In my previous post, I laid the groundwork for a discussion of how technology is enabling a re-imagination of the education to employment pathway. This post will highlight a few companies and approaches related to how skills and competencies are developed by both educational institutions and employers and discuss new delivery models for that content.
We have seen interesting developments in both how educational programs are designed to develop skills, or to win edtech bingo, the pedagogical approach, and the delivery mechanism for skills development as an increasing percentage of education shifts online. The trend of competency based education has gained momentum among educators, in which educational achievement is measured not by the number of credits earned or time in the classroom, but instead by what is actually learned – which happens on a different timeline and with different content for each individual. Several universities have fully embraced this competency based approach, such as Western Governors University and Southern New Hampshire University’s College for America. College for America has partnered with more than 100 employers, such as Anthem, McDonald’s and ConAgra Foods to design a curriculum consisting of real-world projects that is delivered entirely online. Outside of the university system, groups such as General Assembly and Dev Bootcamp have created short, immersive programs to teach specific skills, such as mobile development or marketing automation, to help accelerate individuals’ careers. Demand for such programs has grown tremendously, with more than 18,000 “graduates” across more than 100 learning accelerators and boot camps in 2016, up from just 2,000 in 2013.
Online platforms such as MOOCs (Massive Open Online Courses) from Coursera or edX originally were created to democratize learning by offering free online courses from the world’s top universities, and have seen tremendous demand, with more than 60 million registered users across MOOC platforms in 2016, according to Class Central. However, MOOCs struggled to develop viable business models and saw very poor completion rates as the courses initially had limited tangible value beyond learning for learning’s sake. Coursera has shifted its focus toward developing certificates and even full degrees around professional skills, while other platforms such as Udacity have focused on more of a direct link to employable skills in specialized areas. Udacity’s “nanodegrees,” created in collaboration with corporations, such as its Android courses designed by Google or a self-driving car program designed by Mercedes-Benz. This unbundling of degrees into discrete skills and competencies, requiring less of an investment in both cost and time from learners, is a major trend for both universities and employers.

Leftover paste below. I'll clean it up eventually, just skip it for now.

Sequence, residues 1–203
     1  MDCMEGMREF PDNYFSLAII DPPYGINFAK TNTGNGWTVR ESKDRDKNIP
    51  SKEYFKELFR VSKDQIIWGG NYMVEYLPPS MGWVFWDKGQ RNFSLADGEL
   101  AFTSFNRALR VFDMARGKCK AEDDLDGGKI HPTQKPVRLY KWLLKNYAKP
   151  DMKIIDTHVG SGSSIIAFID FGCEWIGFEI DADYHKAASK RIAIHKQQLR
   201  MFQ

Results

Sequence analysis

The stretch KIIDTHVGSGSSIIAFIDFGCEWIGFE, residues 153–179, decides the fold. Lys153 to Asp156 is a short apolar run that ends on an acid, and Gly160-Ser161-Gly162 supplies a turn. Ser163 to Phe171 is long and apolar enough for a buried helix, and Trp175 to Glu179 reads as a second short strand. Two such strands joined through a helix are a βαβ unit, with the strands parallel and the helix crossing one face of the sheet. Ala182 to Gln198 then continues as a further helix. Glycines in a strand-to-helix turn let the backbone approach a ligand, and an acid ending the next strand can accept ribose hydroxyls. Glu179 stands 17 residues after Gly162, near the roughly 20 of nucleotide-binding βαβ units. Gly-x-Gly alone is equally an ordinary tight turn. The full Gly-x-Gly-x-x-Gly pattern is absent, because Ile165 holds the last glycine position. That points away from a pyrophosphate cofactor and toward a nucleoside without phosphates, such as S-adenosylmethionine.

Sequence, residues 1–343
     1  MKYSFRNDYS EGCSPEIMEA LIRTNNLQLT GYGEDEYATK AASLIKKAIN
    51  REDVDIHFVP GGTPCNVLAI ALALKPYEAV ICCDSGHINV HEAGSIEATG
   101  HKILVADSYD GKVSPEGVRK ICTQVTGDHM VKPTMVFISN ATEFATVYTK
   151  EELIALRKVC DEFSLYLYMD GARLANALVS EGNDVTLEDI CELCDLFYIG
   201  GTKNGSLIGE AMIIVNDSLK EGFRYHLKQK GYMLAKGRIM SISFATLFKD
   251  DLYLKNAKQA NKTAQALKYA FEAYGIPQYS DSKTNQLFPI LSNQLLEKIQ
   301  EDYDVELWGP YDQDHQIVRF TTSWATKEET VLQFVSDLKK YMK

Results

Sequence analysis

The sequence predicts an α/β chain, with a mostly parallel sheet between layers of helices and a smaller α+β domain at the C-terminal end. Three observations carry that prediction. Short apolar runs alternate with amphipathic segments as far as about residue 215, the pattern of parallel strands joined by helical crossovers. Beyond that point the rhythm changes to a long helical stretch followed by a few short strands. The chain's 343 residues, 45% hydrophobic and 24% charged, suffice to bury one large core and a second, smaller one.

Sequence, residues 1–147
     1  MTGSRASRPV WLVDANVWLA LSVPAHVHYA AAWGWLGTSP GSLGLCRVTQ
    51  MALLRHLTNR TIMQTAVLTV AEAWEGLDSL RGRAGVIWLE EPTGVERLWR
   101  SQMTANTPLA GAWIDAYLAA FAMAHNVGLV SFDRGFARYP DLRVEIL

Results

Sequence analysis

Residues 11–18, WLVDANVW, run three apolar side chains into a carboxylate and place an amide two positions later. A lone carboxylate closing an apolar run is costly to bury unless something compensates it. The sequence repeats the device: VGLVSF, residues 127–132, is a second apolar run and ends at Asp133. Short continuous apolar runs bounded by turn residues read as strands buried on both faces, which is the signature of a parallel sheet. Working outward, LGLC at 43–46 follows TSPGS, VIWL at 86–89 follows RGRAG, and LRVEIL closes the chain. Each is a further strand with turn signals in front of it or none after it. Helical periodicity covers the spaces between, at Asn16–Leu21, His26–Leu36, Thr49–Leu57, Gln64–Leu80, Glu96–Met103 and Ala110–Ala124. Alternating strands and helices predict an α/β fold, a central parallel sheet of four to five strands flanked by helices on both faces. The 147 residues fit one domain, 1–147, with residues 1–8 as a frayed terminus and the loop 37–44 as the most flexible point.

Online models have reshaped the education to employment pathway as the technology for designing and delivering content has improved and students have become increasingly connected. Online education has entered the mainstream, as more than 1/3 of higher ed students in 2014 took at least one course online and 15% of students earned their degree fully online, representing more than $20B of tuition spend. Higher ed no longer reflects the common perception of young kids heading off to campus for four year degrees; the National Center for Education Statistics estimates that by 2020 42% of all college students will be 25 years or older, while other estimates already suggest that non-traditional learners already represent the majority of students. Such individuals are likely to have families and still be working, and thus have lifestyles ill-suited to spending significant chunks of time attending classes in-person and appreciate the flexibility and cost advantages of online models. We at Osage recently made an investment in Noodle Partners, a next generation online program management vendor that helps universities design, deliver, and administer online programs by leveraging best in breed education technologies stemming from more than $10 billion of VC investment in the space over the last decade. We are particularly encouraged by Noodle’s potential to help drive a continued blending of the online and offline experiences such that learners can benefit from hybrid models that best meet their individual needs.
Corporations are increasingly recognizing the power of online delivery models and competency based education to revitalize their investments in business skills training, which Bersin by Deloitte estimates reached $20B in 2016 in the US, and was likely at least 2x higher globally. Bersin suggests that “technology is revolutionizing” the corporate training market, with more than half of the hours consumed in training globally now delivered outside of a classroom-type setting, and expects that more cost-effective online delivery models will expand the addressable market further. Forward thinking HR leaders are embracing the importance of training as a competitive advantage; in the words of Gail Jackson, VP of HR for United Technologies, “We want people who are intellectually curious. It is better to train them and have them leave than not to train and have them stay.” Certainly online corporate training has existed for a long time – we have all seen some version of a terribly awkward sexual harassment training video – with on-demand catalogs of content provided through a learning management system from companies like Skillsoft. However, by incorporating the latest thinking in instructional design and technology advancements such as mobile and social, vendors such as Pluralsight or PracticeXYZhave made online training more interactive and immersive such that learning becomes a dynamic, interactive activity rather than passive ingestion of information.